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How workplaces can create safer environments for women

Working as a woman can be a daunting experience, especially for those who have to work in male dominated environments. Therefore, it is important to discuss the ways in which workplaces can create safer and more comfortable spaces for its female employees.

The main thing that I feel a lot of workplaces should be implementing is training programmes for each member of staff. Hanging up posters that attempt to promote diversity and inclusion can only achieve so much, but makes little difference on how safe an individual actually feels when they come to work. It is just words and pictures and these can often feel like they are there just to show face for a company. If clear policies were implemented and taught as a training module, more people would be educated and know that consequences do exist for harassment in the workplace. It would make it less taboo for women to report such harassment in these cases, if clear procedures for what to do in these scenarios were outlined. It is crucial that anonymity is guaranteed when reporting in these instances too.

More women being promoted into leadership roles would benefit their female workers massively. Depending on the job, many of those in the higher positions will be men. Whilst companies shouldn’t be promoting people solely based on gender, more gender equality in the workplace needs to be encouraged so that managerial roles are equally balanced. This would demonstrate that companies take the work of their female employees seriously and would guarantee that they always had someone senior to turn to, should they ever need to in such a scenario. Establishing a working environment of trust is only a bonus if it is for all members of staff.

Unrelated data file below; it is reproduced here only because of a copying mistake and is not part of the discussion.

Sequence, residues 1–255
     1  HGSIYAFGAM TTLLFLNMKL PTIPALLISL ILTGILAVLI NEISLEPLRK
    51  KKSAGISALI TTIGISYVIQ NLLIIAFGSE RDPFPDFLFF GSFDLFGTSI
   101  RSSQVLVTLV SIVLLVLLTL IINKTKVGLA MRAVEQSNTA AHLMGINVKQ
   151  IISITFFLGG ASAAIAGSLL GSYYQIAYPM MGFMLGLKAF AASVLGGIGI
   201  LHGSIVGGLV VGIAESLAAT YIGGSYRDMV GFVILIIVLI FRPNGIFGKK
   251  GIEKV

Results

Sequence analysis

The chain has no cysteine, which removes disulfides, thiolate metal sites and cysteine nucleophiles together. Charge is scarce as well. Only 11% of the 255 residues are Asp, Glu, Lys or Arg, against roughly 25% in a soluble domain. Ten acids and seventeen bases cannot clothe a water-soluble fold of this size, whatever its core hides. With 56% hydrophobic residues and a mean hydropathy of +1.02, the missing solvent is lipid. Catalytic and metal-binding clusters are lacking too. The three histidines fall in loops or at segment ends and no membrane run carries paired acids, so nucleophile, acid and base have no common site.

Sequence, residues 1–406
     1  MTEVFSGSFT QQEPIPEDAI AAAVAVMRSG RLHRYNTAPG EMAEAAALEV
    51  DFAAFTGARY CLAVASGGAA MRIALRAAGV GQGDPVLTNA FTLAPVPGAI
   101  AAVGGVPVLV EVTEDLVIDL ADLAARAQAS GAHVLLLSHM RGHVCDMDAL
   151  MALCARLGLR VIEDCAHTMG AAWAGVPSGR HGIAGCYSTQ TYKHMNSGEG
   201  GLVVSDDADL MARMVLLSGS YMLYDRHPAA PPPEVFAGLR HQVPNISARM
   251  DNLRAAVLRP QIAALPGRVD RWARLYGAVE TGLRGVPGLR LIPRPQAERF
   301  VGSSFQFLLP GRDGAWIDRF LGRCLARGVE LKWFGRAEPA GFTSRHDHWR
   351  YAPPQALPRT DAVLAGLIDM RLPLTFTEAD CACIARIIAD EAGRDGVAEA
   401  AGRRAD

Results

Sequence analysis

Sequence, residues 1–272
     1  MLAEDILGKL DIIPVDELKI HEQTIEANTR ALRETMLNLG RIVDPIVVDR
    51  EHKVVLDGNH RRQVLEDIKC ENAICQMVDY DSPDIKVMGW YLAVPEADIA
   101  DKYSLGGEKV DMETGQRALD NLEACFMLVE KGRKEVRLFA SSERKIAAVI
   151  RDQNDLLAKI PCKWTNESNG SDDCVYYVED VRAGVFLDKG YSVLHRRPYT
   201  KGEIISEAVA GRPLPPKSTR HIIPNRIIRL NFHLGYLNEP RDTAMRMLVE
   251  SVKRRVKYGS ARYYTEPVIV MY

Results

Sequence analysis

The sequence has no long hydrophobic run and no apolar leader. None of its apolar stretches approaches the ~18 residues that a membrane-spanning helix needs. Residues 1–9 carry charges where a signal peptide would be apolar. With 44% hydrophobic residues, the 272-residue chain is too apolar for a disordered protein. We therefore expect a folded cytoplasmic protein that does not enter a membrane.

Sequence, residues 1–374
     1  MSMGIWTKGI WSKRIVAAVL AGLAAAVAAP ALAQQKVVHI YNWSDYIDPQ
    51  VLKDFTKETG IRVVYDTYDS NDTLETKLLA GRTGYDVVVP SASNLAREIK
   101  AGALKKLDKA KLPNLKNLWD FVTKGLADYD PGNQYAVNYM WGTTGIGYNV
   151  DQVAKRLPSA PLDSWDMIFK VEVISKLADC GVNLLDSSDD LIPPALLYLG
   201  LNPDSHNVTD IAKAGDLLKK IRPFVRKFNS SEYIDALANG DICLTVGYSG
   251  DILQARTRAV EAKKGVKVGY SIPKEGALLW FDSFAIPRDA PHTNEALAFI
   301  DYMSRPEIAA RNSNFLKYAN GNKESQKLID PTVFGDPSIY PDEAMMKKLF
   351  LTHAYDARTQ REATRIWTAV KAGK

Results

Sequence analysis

In a survey carried out by Wise Women, the safety of women in the streets was touched on around different workplaces, particularly hospital campuses. These are just some of the examples that I wanted to highlight which stood out to me as why workplaces need to be doing more to make their employees feel safer and like they matter: “It feels very unsafe walking to the staff car park at 10pm at the end of my shift - there is no security presence and it is a very isolated area” and “Feels very isolated at night, very long and loads of side streets. Not many shops etc to provide escape points or feel less vulnerable”.

Others touched on the expensive parking meters on the streets surrounding Glasgow Royal Infirmary meaning staff are a 10-15 min walk to their cars at nearby neighbourhoods, this has led to reports of staff being harassed and approached. 70% of NHS staff are women - it simply is not good enough.

Women will only begin to feel safer at their place of work when their safety is taken seriously through actions and not words.

Michaela Roach

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